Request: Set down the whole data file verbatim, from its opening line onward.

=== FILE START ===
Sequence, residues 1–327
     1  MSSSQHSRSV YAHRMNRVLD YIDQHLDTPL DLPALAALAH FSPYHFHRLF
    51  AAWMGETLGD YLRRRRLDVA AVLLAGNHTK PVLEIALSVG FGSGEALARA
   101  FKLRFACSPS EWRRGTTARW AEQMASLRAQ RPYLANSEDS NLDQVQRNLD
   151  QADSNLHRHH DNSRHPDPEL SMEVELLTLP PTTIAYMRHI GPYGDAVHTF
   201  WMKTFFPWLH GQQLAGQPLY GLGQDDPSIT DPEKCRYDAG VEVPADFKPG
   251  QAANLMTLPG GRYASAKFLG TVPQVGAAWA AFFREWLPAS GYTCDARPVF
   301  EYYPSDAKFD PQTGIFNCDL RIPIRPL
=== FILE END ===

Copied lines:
Sequence, residues 1–327
     1  MSSSQHSRSV YAHRMNRVLD YIDQHLDTPL DLPALAALAH FSPYHFHRLF
    51  AAWMGETLGD YLRRRRLDVA AVLLAGNHTK PVLEIALSVG FGSGEALARA
   101  FKLRFACSPS EWRRGTTARW AEQMASLRAQ RPYLANSEDS NLDQVQRNLD
   151  QADSNLHRHH DNSRHPDPEL SMEVELLTLP PTTIAYMRHI GPYGDAVHTF
   201  WMKTFFPWLH GQQLAGQPLY GLGQDDPSIT DPEKCRYDAG VEVPADFKPG
   251  QAANLMTLPG GRYASAKFLG TVPQVGAAWA AFFREWLPAS GYTCDARPVF
   301  EYYPSDAKFD PQTGIFNCDL RIPIRPL